Politicians tend to be optimists by nature. But in the early days of the coronavirus pandemic, many of them were too optimistic – and too confident in their assertions that the risk from the virus would be minimal. Here are some noteworthy statements by New York officials that were dubious or disputed – or turned out to be just plain wrong.
“We’re telling New Yorkers, go about your lives, take the subway, go out, enjoy life."
– New York City Health Commissioner Oxiris Barbot, on Feb. 7
“In powerful show of defiance of #coronavirus scare, huge crowds gathering in NYC's Chinatown for ceremony ahead of annual #LunarNewYear parade. Chants of "be strong Wuhan!"
If you are staying away, you are missing out!"
– New York City Councilman Mark Levine, on Feb. 9
“It looks like by April, you know, in theory, when it gets a little warmer, it miraculously goes away – I hope that’s true."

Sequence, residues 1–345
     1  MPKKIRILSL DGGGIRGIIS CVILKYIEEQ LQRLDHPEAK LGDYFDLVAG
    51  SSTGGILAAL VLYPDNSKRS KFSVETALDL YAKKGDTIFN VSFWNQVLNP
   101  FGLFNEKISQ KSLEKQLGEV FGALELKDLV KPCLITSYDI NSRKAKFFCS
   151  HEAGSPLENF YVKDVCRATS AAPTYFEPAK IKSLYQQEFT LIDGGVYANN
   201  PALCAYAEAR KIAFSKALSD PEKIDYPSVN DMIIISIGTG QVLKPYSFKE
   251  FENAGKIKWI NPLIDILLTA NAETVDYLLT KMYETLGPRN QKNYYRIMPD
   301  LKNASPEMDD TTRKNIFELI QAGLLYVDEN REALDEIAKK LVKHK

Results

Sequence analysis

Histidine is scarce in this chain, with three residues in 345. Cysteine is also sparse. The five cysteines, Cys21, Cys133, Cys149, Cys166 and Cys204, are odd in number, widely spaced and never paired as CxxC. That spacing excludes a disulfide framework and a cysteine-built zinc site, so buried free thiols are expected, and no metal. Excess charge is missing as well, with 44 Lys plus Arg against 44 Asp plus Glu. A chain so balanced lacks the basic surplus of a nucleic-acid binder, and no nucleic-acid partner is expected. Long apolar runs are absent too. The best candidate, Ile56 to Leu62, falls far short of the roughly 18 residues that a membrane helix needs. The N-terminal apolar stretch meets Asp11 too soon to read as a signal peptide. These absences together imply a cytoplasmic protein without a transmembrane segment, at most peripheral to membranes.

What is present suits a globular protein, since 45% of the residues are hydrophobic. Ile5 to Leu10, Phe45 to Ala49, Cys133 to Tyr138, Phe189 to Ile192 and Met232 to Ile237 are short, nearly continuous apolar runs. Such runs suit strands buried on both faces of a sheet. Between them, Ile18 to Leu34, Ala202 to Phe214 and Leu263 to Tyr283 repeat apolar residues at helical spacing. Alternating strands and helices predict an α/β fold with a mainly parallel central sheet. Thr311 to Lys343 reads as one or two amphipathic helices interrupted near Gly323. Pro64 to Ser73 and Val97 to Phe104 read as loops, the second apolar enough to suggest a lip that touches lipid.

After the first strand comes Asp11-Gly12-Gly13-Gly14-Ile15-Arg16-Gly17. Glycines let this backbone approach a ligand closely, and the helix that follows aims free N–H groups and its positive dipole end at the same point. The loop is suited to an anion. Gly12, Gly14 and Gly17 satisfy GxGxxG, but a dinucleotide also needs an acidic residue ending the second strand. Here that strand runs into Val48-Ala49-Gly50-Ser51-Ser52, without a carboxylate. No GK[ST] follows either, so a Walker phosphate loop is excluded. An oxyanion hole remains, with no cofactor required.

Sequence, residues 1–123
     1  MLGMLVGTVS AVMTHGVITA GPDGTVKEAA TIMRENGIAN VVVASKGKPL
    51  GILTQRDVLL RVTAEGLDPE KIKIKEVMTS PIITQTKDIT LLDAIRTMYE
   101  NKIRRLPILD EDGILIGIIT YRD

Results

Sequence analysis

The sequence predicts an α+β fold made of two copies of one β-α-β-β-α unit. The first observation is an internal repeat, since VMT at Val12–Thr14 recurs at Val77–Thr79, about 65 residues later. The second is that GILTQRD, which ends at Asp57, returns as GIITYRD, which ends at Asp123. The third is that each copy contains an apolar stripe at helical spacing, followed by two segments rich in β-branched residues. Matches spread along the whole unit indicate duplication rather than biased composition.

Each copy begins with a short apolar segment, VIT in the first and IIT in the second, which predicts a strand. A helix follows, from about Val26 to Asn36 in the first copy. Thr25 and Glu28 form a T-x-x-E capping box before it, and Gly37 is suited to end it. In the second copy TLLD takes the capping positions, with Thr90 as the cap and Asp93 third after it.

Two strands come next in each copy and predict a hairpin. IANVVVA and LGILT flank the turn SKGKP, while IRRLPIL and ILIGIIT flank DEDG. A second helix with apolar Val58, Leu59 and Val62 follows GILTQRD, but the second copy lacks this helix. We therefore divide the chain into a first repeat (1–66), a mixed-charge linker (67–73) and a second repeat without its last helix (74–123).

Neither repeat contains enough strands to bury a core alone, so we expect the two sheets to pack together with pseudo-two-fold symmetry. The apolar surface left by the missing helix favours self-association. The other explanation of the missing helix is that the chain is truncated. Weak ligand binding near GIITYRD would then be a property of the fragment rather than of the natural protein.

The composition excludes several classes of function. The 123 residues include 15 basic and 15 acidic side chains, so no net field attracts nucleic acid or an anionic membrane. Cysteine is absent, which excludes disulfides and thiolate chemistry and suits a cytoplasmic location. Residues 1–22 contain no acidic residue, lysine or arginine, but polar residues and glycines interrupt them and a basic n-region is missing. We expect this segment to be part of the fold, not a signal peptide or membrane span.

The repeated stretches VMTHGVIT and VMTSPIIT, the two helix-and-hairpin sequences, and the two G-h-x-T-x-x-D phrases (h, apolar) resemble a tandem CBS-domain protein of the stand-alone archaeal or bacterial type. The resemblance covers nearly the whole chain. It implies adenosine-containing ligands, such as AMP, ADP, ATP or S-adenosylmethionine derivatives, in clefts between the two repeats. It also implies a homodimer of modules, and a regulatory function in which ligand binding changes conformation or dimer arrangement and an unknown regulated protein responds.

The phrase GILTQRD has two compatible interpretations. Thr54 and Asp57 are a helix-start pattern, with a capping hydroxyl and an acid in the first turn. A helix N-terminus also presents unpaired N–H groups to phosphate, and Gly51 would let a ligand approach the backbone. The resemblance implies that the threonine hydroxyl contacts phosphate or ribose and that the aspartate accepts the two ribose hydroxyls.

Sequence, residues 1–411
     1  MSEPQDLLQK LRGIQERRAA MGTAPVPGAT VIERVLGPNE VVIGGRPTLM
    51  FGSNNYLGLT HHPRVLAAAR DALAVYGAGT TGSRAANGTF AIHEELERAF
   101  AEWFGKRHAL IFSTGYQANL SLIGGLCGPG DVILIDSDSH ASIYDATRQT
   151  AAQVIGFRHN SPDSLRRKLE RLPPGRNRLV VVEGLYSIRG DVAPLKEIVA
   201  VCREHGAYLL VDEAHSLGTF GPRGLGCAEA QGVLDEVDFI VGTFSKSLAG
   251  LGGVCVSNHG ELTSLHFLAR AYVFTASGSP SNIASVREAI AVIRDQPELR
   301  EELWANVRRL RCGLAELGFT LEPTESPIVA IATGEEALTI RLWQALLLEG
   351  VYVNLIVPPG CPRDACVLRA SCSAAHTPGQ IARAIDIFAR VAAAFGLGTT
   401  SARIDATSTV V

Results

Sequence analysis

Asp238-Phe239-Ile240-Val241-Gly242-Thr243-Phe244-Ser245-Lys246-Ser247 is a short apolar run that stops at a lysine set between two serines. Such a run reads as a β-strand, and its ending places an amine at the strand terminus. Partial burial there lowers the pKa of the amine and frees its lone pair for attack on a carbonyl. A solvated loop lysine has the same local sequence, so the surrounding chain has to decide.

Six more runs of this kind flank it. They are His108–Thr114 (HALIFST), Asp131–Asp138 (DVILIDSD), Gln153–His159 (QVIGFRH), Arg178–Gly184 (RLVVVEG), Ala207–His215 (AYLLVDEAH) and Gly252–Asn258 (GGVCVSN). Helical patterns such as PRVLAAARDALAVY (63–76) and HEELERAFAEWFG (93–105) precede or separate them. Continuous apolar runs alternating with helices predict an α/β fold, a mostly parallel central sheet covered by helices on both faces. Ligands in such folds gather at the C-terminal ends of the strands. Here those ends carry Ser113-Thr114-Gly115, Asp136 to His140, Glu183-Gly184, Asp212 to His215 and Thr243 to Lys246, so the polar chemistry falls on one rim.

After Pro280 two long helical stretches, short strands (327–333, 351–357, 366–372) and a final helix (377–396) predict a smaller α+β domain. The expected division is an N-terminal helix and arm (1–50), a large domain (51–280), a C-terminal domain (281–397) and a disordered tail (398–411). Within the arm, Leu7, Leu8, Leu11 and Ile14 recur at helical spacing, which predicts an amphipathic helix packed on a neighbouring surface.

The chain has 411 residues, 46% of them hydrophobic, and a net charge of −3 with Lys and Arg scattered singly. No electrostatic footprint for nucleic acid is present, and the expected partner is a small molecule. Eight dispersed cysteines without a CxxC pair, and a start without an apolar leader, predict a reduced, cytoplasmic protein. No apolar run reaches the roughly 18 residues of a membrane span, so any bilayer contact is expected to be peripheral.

– President Donald Trump, on Feb. 10
"We have the best health care system on the planet right here in New York. So, when you’re saying, what happened in other countries versus what happened here, we don’t even think it’s going to be as bad as it was in other countries.”
– Gov. Andrew Cuomo, on March 2
"If you’re under 50 and you’re healthy, which is most New Yorkers, there’s very little threat here. This disease, even if you were to get it, basically acts like a common cold or flu.”
– New York City Mayor Bill de Blasio, on March 10
“We have to accept that unless a vaccine is rapidly developed, large numbers of people will get infected. The good thing is greater than 99 percent will recover without harm. Once people recover they will have immunity. The immunity will protect the herd.”
– Mitchell Katz, president and CEO of NYC Health + Hospitals, on March 10
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